September 10, 2013

Slate | Guardian | Discover

The Earth “is heading for a period of cooling that will not end until the middle of this century – a process that would expose computer forecasts of imminent catastrophic warming as dangerously misleading.” That’s the claim in a Mail on Sunday article by David Rose published Sept. 7 by Mail Online, the online home of that paper and the Daily Mail.

The Telegraph echoed the content of that article the following morning, and an MSN blog picked it up, too.

But Rose misunderstood the science behind his assertions, Phil Plait writes in Slate. For instance, Rose says “A chilly Arctic summer has left nearly a million more square miles of ocean covered with ice than at the same time last year – an increase of 60 per cent.”

That’s “technically true, but extremely misleading,” Plait says.

In the summer of 2012 Arctic sea ice hit a record low. Given just how extreme it was, it’s not too surprising that it would not be as extreme this year.

Or to use a rough, media-biz-focused analogy, just because a newspaper company’s stock is up this year doesn’t mean you’d necessarily want to park your retirement funds there.

Perhaps more interesting, Rose claims the U.N.’s Intergovernmental Panel on Climate Change, prodded by The Mail’s reporting, will hold a “crisis meeting.” The IPCC has not yet replied to Poynter’s query regarding the accuracy of this claim, but the climate scientist Ed Hawkins says he told Rose in an interview that it was bogus:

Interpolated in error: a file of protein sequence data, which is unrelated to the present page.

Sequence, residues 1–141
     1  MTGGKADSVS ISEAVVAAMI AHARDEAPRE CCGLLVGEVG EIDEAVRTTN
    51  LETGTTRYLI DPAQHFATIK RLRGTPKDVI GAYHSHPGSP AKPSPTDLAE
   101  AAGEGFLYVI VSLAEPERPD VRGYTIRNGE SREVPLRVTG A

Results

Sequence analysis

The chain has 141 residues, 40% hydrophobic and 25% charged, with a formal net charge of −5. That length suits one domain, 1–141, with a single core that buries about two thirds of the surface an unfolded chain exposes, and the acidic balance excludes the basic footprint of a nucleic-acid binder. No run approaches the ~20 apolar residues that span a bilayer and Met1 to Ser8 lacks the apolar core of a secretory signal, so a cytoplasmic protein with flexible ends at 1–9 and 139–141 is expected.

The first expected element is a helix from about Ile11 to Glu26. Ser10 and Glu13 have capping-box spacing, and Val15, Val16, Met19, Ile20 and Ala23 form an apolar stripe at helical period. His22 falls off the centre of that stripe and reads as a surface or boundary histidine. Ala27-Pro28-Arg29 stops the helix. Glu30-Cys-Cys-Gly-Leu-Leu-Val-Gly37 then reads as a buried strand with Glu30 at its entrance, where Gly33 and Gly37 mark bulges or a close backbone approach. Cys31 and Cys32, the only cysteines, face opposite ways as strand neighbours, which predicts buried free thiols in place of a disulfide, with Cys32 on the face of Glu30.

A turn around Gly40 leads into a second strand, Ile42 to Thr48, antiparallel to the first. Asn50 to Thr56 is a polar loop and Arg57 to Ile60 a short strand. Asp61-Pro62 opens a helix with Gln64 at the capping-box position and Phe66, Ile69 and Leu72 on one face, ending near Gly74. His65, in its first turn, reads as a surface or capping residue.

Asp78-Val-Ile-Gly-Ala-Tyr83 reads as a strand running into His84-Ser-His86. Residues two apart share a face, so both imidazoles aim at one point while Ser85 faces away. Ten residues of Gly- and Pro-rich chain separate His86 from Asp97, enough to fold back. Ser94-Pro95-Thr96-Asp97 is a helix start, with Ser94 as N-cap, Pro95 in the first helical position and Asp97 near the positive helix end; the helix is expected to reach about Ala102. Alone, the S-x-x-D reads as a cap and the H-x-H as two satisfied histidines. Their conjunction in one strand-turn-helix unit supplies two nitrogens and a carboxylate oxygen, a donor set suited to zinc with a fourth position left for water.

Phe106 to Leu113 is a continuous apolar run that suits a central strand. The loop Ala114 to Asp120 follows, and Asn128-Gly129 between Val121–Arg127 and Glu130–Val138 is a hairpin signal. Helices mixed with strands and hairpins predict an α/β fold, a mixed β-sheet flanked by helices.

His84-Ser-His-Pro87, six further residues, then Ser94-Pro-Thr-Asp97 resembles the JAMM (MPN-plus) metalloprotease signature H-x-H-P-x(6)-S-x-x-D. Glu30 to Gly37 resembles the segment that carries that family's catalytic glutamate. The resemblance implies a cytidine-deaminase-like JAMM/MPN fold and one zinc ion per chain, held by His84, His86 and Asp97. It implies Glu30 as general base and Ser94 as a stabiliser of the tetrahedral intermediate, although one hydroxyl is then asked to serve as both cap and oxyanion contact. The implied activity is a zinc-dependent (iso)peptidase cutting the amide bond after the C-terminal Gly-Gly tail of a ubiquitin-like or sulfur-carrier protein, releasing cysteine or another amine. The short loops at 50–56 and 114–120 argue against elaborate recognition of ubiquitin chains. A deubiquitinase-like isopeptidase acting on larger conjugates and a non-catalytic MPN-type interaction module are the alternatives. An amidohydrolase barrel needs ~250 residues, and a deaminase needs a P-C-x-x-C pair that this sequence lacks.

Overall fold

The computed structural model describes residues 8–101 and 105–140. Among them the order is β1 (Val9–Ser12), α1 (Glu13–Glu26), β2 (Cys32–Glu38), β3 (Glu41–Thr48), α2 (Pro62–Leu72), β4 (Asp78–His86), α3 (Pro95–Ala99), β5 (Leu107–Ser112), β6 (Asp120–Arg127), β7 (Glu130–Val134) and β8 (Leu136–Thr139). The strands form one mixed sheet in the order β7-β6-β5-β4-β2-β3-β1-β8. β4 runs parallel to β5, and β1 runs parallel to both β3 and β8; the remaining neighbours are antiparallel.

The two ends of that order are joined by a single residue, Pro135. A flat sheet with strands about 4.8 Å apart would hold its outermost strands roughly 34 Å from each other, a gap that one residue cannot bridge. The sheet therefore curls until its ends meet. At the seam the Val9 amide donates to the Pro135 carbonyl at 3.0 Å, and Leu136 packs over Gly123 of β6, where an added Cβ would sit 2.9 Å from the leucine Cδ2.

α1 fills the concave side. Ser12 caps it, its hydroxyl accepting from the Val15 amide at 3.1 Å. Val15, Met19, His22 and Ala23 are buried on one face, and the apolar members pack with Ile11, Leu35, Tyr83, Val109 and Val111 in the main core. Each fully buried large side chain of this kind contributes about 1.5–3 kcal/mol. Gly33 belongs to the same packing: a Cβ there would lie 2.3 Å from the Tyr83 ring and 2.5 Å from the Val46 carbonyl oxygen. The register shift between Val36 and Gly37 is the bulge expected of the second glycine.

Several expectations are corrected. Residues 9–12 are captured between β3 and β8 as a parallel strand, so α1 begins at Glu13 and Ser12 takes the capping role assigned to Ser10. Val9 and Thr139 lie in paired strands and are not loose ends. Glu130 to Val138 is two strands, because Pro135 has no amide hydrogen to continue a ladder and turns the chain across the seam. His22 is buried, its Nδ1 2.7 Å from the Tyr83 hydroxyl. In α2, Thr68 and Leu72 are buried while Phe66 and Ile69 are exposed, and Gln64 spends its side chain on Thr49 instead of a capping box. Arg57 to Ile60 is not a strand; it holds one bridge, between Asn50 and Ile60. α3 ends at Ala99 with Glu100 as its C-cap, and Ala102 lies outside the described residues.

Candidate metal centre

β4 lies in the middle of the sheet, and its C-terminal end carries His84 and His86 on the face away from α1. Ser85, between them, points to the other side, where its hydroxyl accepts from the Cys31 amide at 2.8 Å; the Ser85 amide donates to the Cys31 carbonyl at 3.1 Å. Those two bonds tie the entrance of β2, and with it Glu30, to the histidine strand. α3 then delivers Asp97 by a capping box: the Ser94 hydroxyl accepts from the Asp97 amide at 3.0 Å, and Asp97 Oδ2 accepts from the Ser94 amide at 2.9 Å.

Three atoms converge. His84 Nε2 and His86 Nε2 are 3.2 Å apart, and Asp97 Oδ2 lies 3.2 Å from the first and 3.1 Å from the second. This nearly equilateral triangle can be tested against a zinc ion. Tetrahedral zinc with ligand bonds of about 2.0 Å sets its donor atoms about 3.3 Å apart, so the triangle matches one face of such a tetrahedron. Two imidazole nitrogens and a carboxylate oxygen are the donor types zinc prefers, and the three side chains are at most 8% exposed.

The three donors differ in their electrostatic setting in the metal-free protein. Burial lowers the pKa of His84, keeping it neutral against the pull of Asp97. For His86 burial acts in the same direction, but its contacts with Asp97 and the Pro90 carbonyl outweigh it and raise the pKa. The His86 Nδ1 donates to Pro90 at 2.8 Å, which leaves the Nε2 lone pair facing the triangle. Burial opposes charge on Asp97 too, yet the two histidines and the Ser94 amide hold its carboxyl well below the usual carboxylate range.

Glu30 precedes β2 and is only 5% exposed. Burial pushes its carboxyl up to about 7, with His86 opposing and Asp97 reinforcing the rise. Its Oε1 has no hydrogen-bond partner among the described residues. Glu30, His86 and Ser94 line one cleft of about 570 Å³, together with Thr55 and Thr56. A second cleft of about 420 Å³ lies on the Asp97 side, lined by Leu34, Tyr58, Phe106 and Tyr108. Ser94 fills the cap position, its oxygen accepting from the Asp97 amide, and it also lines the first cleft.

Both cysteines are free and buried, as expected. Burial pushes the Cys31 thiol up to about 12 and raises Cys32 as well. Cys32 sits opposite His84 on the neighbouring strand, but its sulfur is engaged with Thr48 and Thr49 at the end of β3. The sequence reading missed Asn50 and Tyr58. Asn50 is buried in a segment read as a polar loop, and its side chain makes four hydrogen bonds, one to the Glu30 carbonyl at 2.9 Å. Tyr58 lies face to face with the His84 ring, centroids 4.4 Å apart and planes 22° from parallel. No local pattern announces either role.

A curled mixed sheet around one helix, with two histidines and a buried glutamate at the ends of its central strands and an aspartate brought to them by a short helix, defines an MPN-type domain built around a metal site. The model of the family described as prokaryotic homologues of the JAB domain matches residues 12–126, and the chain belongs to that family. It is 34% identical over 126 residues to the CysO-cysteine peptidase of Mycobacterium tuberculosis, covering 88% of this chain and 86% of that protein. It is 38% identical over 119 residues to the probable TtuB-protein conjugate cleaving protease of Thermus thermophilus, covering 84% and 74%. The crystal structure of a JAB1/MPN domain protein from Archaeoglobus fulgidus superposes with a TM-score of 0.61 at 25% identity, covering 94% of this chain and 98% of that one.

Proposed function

Maybe you shouldn’t read The Mail or the Telegraph for their climate coverage, Dana Nuccitelli writes.

They suffer from cherry picking short-term data while ignoring the long-term human-caused trends, misrepresenting climate research, repeating long-debunked myths, and inventing IPCC meetings despite being told by climate scientists that these claims are pure fiction.

(As I have previously documented, though, Mail Online is perhaps the world’s best source of news about dead dolphins.)

Tom Yulsman uses charts and animated GIFs to poke holes in Rose’s article. They require careful reading, “Which of course highlights the difficulty of trying to do a journalistically responsible job on a story like this,” he writes.

To provide proper context, and to highlight the uncertainties along with the findings, requires quite a bit of explanation, not all of it terribly compelling. By comparison, waving one’s arms in the air is far easier.

Related: The 10 biggest science-reporting mistakes (and how to avoid them)

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Andrew Beaujon reported on the media for Poynter from 2012 to 2015. He was previously arts editor at and managing editor of Washington City…
Andrew Beaujon

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